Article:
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Stoneywell Cottage

Stoneywell Cottage in the Charnwood Forest, 1898 for Sydney Gimson

Stonewell during construction
Stonewell during construction

Stoneywell and Lea Cottages were designed and built more or less in tandem. Once again Gimson worked with Detmar Blow and his team of masons.


The Gimson family was familiar with this part of the Charnwood Forest and one of Gimson’s youthful notebooks contains nature notes made during walks in Lea Lane in 1880. Sydney Gimson continued to enjoy rambling and camping in the area in his spare time. The opportunity to have a simple summer retreat in the area was very attractive and he commissioned Gimson to design and build a cottage on the land he purchased from Billson. The two brothers were close and Stoneywell – Gimson’s most innovative building – was the result of a supportive relationship between client and architect.

Stoneywell is now a National Trust visitor attraction and is available to tour by booking.

Find out more by clicking here.

Detmar Blow produced this initial estimate for the cottage:

‘Estimate for the erection of a cottage at Stoneywell Hill, Markfield, Leicester for Mr Sydney Gimson in accordance with plans by Ernest W Gimson.

Making solid with rubble the spaces under the room floor, laying a thin layer of cement concrete to receive the boards.

Laying all other ground floor with slate and bedroom floors with plaster on laths, providing a slate riser and bucket to WC, a cottage range for kitchen value £3-0-0 and fire brick hobs with bars to bedrooms, plastering the walls inside with one coat of cement, and one of lias lime plaster with no hair, plastering or slating window seats and ledge including all labour and materials, used by masons, for the sum of £428-0-0.

Water service extra.'


It was a difficult site, with hilly outcrops of hard rock. Gimson boldly took the decision to use these as the foundations wherever possible. At the highest point, set on the natural foundations, was a massive stone chimney its design articulated by slabs of slate. The cottage continues downwards in an open zigzag from this point, following the natural contours of the slope. Local stone including large rough boulders and old dry-stone walls was used for the building. The stones weren’t shaped by tools but carefully selected and positioned to fit. The original thatched roof was replaced by slate tiles after a fire in 1939.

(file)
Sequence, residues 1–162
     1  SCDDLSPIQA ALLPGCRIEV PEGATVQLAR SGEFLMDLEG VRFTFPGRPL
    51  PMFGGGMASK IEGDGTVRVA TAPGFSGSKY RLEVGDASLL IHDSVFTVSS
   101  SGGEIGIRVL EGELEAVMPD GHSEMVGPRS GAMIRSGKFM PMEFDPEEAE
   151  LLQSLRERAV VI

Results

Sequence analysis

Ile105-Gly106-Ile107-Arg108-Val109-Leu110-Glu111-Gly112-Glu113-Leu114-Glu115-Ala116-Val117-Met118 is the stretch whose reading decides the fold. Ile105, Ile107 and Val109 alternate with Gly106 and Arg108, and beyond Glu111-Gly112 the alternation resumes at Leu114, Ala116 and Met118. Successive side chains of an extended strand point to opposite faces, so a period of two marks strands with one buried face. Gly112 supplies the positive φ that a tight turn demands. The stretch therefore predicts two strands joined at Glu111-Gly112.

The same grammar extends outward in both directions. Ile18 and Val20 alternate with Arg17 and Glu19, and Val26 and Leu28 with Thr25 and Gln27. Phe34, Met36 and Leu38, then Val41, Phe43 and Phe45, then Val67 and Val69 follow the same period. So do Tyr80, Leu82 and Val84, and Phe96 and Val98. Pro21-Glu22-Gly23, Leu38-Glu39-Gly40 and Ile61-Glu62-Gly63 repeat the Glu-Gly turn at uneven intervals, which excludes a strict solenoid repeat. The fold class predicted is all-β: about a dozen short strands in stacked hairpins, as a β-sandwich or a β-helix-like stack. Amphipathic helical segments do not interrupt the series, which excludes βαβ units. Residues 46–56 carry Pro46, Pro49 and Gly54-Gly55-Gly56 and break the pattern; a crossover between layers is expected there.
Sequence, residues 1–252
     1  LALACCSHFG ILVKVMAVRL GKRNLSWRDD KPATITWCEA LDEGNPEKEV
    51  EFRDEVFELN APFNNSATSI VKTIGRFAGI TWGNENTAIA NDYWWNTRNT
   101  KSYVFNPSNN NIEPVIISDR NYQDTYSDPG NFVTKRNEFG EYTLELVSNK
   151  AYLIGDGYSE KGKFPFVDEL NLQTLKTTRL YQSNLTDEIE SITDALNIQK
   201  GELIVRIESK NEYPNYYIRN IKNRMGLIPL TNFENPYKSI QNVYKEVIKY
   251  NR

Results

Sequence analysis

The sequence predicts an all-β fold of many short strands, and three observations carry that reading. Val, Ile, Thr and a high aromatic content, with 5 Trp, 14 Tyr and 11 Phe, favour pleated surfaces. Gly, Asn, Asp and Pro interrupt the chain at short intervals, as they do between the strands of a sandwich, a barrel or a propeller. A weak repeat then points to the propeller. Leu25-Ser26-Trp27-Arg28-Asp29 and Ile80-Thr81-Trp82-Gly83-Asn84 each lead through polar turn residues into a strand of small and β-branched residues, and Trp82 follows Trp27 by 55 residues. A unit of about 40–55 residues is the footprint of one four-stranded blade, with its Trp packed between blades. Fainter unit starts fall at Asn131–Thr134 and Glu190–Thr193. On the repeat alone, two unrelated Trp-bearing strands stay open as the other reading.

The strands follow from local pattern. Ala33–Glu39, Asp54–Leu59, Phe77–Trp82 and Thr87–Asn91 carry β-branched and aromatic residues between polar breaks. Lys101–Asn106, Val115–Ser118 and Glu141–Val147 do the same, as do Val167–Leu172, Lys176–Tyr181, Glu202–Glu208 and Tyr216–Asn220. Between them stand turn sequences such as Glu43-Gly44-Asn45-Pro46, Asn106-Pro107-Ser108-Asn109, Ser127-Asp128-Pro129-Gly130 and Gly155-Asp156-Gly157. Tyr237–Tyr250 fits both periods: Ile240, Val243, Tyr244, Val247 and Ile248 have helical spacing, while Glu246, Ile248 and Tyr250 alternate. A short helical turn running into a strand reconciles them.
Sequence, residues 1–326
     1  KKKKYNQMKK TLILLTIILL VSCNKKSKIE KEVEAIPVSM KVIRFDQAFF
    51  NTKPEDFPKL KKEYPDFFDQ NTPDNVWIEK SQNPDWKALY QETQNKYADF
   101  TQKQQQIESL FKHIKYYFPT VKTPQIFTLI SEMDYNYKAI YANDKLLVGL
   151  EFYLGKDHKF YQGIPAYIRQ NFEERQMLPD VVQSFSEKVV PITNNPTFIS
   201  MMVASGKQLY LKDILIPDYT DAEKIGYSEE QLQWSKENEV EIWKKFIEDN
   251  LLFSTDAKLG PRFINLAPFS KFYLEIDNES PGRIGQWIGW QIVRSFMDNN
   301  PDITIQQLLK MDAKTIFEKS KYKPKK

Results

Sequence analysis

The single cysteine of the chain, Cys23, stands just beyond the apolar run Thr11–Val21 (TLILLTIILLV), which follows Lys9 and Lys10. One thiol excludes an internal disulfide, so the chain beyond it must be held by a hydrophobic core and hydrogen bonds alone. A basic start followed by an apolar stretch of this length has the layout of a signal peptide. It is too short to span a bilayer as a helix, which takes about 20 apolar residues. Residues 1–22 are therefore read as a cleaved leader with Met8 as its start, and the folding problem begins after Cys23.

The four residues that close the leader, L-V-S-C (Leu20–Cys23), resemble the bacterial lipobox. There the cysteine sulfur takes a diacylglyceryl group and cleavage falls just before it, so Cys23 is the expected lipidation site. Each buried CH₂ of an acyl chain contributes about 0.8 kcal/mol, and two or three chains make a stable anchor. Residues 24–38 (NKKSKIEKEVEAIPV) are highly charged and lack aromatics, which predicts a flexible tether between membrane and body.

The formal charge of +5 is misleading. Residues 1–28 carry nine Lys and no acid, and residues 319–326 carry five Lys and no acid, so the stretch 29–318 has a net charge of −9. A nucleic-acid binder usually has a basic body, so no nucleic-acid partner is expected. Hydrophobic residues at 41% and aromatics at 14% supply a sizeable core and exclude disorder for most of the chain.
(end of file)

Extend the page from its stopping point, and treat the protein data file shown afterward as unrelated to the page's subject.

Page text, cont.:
The house was intended to be a simple even Spartan, summer cottage. The ground floor consisted of a sitting room, kitchen and shed with four bedrooms on the second floor. The constructional timbers and internal woodwork were made in the Cotswolds by the wheelwright Richard Harrison and most of the furniture came from the Pinbury workshop including the oak settle be Ernest Barnsley now in Leicester Museum. Massive blocks of slate found locally were used as lintels over the doors, windows and fireplaces. The internal walls and much of the structural woodwork were whitewashed.


The final cost for Stoneywell was £920, rather more than the £500 which Gimson and Blow had originally estimated.